During an individual’s golden years, hoarding can become an issue. Even if someone has been a particularly organized person their entire life, older adults can still have trouble with hoarding. Fear of poverty, depression, dementia, and more can all combine to result in senior hoarding. Psychologically, it could be an attempt to hold everything together, and the desire to do so is too intense to ignore.
Unfortunately, dangerous situations can result from cluttering and hoarding. We’re going to offer some strategies that could help prevent your loved one from getting into a hazardous hoarding situation.
Who Becomes a Hoarder?
Are certain people more at risk of becoming hoarders than others? If risk factors are identified ahead of time or right away, you’ll stand a better chance of working with the person doing the hoarding to take control and beat the desire to hoard.
Older adults may start hoarding if they live with mental impairments or physical impairments. As an example, if your loved one has received a dementia diagnosis or been the victim of a traumatic brain injury, following either of those, they may start hoarding.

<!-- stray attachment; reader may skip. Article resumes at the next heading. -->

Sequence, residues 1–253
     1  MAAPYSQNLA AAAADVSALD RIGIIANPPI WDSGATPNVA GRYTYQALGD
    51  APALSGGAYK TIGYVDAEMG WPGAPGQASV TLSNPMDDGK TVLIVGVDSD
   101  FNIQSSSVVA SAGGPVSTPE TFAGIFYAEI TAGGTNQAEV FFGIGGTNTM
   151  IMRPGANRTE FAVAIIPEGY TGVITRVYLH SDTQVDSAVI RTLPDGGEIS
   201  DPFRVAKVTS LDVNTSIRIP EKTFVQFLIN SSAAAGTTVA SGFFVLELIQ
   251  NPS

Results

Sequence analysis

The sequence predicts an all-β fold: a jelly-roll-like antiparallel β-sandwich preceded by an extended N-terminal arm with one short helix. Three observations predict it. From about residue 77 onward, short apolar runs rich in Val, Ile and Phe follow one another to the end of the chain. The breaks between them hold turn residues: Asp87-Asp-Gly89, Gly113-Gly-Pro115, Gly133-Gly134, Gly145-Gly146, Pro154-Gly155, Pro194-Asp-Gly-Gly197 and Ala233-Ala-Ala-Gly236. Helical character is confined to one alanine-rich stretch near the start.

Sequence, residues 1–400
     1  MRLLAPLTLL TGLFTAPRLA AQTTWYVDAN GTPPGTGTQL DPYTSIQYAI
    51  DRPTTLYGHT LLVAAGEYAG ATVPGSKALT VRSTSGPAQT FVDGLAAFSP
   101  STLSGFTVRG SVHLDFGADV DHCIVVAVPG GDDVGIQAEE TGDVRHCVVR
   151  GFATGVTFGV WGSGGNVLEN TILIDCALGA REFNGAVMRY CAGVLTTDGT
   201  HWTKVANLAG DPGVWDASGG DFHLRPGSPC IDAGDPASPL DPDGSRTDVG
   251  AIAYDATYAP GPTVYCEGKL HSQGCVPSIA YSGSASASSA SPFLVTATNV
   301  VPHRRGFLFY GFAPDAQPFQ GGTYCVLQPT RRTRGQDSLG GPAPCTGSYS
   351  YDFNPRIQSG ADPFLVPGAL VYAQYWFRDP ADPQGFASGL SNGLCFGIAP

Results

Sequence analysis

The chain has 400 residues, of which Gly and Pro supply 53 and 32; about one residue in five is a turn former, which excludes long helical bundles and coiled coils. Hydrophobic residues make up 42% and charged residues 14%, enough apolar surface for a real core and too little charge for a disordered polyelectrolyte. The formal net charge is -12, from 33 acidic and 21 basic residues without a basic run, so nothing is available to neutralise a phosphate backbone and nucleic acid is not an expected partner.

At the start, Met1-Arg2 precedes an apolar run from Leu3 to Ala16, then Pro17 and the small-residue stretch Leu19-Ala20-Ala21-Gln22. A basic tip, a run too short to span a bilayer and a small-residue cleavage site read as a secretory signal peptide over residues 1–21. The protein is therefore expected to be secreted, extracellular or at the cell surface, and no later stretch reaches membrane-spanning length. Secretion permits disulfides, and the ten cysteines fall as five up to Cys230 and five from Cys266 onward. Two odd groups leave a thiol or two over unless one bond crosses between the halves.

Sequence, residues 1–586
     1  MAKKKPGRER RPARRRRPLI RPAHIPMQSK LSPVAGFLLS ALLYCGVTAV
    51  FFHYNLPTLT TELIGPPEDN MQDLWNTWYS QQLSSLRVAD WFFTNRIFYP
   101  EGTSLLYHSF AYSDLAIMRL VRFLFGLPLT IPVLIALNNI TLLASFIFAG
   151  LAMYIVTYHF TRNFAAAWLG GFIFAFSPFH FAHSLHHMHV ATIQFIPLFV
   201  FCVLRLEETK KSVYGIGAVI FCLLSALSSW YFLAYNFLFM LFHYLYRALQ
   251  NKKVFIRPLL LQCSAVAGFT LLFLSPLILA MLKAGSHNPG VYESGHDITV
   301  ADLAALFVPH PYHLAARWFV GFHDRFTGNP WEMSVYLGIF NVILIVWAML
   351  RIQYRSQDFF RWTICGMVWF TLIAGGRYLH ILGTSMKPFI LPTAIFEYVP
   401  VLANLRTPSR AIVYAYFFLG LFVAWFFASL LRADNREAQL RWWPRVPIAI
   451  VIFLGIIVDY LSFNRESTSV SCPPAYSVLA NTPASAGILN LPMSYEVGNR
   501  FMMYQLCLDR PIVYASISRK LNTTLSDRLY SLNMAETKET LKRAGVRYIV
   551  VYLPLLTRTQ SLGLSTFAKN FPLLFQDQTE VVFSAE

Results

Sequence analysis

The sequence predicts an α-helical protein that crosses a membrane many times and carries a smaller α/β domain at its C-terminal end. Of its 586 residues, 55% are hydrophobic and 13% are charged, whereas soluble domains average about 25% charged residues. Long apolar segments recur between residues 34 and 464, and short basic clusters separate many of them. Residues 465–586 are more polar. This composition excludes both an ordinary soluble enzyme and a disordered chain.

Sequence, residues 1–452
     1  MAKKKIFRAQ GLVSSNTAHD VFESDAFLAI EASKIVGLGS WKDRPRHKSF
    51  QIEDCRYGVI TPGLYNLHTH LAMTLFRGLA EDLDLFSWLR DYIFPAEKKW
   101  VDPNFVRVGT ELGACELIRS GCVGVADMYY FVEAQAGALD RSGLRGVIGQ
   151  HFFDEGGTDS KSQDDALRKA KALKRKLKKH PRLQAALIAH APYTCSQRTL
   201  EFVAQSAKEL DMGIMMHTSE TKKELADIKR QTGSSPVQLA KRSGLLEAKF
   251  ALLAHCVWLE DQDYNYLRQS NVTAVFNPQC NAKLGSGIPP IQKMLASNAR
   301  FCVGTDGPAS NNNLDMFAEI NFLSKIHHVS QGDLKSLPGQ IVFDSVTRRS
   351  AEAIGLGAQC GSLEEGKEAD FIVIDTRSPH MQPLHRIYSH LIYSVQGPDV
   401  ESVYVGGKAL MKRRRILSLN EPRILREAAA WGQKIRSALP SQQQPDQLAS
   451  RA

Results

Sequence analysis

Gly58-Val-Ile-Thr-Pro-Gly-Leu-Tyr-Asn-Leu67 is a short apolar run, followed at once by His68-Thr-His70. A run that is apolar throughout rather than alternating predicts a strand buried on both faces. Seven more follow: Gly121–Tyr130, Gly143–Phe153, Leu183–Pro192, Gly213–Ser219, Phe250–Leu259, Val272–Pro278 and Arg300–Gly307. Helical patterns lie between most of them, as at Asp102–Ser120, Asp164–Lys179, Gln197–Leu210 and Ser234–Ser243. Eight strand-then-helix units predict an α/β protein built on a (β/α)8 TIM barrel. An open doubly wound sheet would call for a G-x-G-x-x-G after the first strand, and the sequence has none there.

Safety Should Be Emphasized
To prevent falls, your aging loved one needs clear pathways through which to walk. The residence of your loved one may have become unsafe due to hoarding. Their safety is at risk and this should be referred to in a discussion with them when “stuff” starts to accumulate. If there are things your loved one absolutely needs stored, help them to find a storage building or other safe location.
Some retirement age individuals have a hard time keeping up with housework. They may suffer from mobility issues, a recent injury, etc. They stop cleaning because it’s too hard and eventually they get used to the clutter.
If you are able to assist your loved one with housekeeping, all the better. If you don’t have time, consider either finding a friend, relative, or hiring a professional to help them keep their home a bit tidier and more organized.
A Cleanup Schedule
Get your family together and make a plan. One way to stop hoarding is through a group effort and a cleaning schedule. Throughout the year, set up specific dates when friends or family members can help with housekeeping.
Talk to your loved one about how much other people might enjoy some of the things they no longer use and that donating them would benefit all parties concerned. Possibly some family heirlooms could start being passed out to assist with decluttering, as well.
If hoarding becomes too much of an issue, and you’re having a lot of difficulty dealing with not only the mess but your loved one in the process, do not hesitate to contact a professional for assistance.